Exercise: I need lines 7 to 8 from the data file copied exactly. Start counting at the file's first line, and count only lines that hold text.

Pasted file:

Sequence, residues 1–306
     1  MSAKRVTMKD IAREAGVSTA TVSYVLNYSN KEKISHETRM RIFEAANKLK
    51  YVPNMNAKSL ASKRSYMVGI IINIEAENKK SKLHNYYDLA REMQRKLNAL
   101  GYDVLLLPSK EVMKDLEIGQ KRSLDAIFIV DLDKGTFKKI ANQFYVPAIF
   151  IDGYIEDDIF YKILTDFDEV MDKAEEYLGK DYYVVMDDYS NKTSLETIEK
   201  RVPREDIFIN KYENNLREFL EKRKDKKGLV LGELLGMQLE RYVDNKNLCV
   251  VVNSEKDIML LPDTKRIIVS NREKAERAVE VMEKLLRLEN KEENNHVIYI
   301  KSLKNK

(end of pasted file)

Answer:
   251  VVNSEKDIML LPDTKRIIVS NREKAERAVE VMEKLLRLEN KEENNHVIYI
   301  KSLKNK